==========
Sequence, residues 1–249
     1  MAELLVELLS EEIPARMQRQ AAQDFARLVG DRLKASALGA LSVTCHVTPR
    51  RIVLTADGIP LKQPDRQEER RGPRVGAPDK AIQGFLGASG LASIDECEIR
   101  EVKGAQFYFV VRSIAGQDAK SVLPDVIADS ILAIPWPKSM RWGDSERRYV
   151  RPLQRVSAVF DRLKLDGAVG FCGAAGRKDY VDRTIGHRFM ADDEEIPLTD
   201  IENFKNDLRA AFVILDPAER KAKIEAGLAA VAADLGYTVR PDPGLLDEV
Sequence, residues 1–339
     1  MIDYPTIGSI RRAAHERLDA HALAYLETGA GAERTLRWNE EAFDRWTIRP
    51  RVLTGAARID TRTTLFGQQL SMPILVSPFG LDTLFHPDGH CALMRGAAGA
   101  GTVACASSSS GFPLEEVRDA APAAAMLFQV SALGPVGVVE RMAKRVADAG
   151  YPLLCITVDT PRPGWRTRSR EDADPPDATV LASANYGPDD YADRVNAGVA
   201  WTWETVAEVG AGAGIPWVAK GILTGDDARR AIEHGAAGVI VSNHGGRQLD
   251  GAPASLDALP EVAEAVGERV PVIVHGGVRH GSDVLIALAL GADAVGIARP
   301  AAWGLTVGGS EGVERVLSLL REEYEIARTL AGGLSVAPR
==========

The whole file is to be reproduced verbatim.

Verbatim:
Sequence, residues 1–249
     1  MAELLVELLS EEIPARMQRQ AAQDFARLVG DRLKASALGA LSVTCHVTPR
    51  RIVLTADGIP LKQPDRQEER RGPRVGAPDK AIQGFLGASG LASIDECEIR
   101  EVKGAQFYFV VRSIAGQDAK SVLPDVIADS ILAIPWPKSM RWGDSERRYV
   151  RPLQRVSAVF DRLKLDGAVG FCGAAGRKDY VDRTIGHRFM ADDEEIPLTD
   201  IENFKNDLRA AFVILDPAER KAKIEAGLAA VAADLGYTVR PDPGLLDEV
Sequence, residues 1–339
     1  MIDYPTIGSI RRAAHERLDA HALAYLETGA GAERTLRWNE EAFDRWTIRP
    51  RVLTGAARID TRTTLFGQQL SMPILVSPFG LDTLFHPDGH CALMRGAAGA
   101  GTVACASSSS GFPLEEVRDA APAAAMLFQV SALGPVGVVE RMAKRVADAG
   151  YPLLCITVDT PRPGWRTRSR EDADPPDATV LASANYGPDD YADRVNAGVA
   201  WTWETVAEVG AGAGIPWVAK GILTGDDARR AIEHGAAGVI VSNHGGRQLD
   251  GAPASLDALP EVAEAVGERV PVIVHGGVRH GSDVLIALAL GADAVGIARP
   301  AAWGLTVGGS EGVERVLSLL REEYEIARTL AGGLSVAPR